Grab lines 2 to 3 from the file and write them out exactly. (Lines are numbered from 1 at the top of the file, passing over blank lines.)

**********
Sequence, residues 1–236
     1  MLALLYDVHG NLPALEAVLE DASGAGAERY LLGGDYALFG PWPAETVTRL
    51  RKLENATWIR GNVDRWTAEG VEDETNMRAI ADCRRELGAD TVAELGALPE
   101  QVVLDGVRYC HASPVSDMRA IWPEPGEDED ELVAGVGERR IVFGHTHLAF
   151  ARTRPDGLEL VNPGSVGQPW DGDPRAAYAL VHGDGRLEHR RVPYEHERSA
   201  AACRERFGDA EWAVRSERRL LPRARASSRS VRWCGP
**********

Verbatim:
     1  MLALLYDVHG NLPALEAVLE DASGAGAERY LLGGDYALFG PWPAETVTRL
    51  RKLENATWIR GNVDRWTAEG VEDETNMRAI ADCRRELGAD TVAELGALPE